After hundreds of New Mexico high school kids walked out of common core inspired, state-mandated tests last week in protest, a perfect storm of education policy manifested in a state district courtroom. Scathing Purple Musings referred to this same Associated Press story from Russell Contreras earlier this week here. From an update in the Albuquerque Journal:
SANTA FE — In a case that could affect school testing in other states, lawyers submitted arguments Tuesday in a legal challenge to New Mexico’s contract with a testing company that may halt a much-debated assessment exam in that state.
Santa Fe District Judge Sarah Singleton heard arguments in a case that could overturn a contract awarded to London-based Pearson PLC.
Last year, Pearson was awarded a contact given out by states belonging to a consortium for the Partnership for Assessment of Readiness for College and Careers exam, or PARCC.
Thomas McGovern, a lawyer for the Washington-based American Institutes for Research, said New Mexico and the consortium unfairly helped shape bidding requirements crafted especially for Pearson. For example, he said the call for bidding said contractors had to use Pearson’s software and suggested that the winning bid would get to test nearly six million students in New Mexico and other states.
New Mexico has a total population of about two million.
The process “made Pearson a shoo-in” and prevented competitive bids, McGovern said. “That’s a conflict of interest.”
But attorneys for New Mexico say the process was fair and the American Institutes for Research did not submit a bid.
Benjamin Feuchter, an attorney for the state, said the state’s Public Education Department used the six million student number “to give a degree of the scope” the winning bidder might have be responsible for if they also won bids from other states in the PARCC consortium. “This is an attack on PED’s discretion,” Feuchter said.
Singleton told both sides to submit written final arguments by April 10. She said she would issue a ruling at a later date.
The legal challenge in New Mexico comes after a Missouri court recently ruled that the state’s membership in a group that creates the curriculum’s tests was unlawful. The ruling stemmed from a lawsuit filed in September that called the consortium an “illegal interstate compact not authorized by the U.S. Congress.”
In Mississippi, the Board of Education adopted the PARCC tests on a one-year emergency contract after a state contract review board ruled that the multistate PARCC consortium chose Pearson without the competitive process required under Mississippi state law. The state is trying to award a new testing contract, although Mississippi officials say Pearson could still be chosen.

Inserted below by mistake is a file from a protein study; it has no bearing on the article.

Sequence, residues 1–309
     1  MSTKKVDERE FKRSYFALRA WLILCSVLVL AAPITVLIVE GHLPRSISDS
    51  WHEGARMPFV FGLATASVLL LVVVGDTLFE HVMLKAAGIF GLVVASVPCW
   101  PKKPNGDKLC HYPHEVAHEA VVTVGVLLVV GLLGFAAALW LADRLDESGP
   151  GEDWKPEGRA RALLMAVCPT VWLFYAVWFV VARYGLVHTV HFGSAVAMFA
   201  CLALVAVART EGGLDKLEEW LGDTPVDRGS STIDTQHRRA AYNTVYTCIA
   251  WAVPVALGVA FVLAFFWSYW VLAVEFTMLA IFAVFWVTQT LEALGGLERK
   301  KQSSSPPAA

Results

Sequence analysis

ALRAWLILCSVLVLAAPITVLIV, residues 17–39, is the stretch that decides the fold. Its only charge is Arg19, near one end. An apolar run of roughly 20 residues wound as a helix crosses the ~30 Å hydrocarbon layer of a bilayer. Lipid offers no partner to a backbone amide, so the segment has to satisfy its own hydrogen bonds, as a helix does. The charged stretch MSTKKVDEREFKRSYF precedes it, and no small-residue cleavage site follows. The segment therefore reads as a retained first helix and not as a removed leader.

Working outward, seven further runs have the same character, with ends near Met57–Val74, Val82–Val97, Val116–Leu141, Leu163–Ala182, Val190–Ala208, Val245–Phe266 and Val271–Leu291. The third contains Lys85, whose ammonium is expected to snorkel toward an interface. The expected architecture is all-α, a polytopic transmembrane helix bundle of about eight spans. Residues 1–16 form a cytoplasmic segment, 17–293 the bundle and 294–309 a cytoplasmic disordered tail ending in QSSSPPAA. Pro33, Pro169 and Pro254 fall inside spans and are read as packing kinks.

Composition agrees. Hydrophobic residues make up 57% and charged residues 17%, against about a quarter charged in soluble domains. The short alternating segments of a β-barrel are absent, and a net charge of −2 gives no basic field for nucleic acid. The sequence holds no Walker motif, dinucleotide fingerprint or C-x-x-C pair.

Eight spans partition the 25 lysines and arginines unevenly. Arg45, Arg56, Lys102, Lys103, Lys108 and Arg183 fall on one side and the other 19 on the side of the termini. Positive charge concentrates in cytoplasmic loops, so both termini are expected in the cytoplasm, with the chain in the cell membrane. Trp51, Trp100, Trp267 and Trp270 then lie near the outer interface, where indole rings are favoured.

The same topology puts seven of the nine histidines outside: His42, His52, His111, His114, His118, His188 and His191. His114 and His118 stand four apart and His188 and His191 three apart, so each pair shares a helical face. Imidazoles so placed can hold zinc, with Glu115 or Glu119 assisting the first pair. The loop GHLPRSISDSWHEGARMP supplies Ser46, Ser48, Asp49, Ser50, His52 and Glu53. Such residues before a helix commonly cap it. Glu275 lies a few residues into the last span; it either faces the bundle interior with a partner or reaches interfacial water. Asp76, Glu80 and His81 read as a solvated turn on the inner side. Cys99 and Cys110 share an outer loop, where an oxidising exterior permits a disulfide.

Mississippi also recently withdrew from the PARCC consortium amid anti-Common Core sentiments.
Last week, hundreds of high school students across New Mexico walked out of schools to protest the PARCC.
Justifiably cynical Floridians know that New Mexico’s education boss, Hanna Skandera, is a Jeb Bush protégé and on of the Bush Foundation’s Chiefs for Change. For a decade Bush and Pearson fit like a glove. But the common core juggernaut changed all that. There was too much money to be made, and corporations are playing hard ball with each other. Its why you see AIR going after it’s top competitor in court. They smell blood.
So how much money? CNBC’s Lawrence Delevingne reports:
Those groups in turn shelled out the money to vendors to develop Common Core testing and related materials for their members. The most money went to Apollo Global Management-owned McGraw-Hill ($72.5 million from Smarter Balanced), U.K.-based Pearson ($63 million from PARCC) and nonprofit Educational Testing Services ($42 million combined from both groups), according to numbers compiled by Education Week.
The Apollo Global Management owned McGraw-Hill/Smarter Balanced relationship uses tests generated by AIR.
What will play out in that New Mexico courtroom is all about money and power for the powerful and well-connected. Kids. parents, teachers, schools and even state departments of education are in a no-mans land between two corporate behemoths. Whether it be online test hacks which destroy tests, family anguish over the dinner table or schools being closed, it’s just collateral damage. All that self-righteous stuff about holding teachers accountable and this being about kids is rot of the worst kind. The powerful and well-connected are exploiting children to enrich and empower themselves.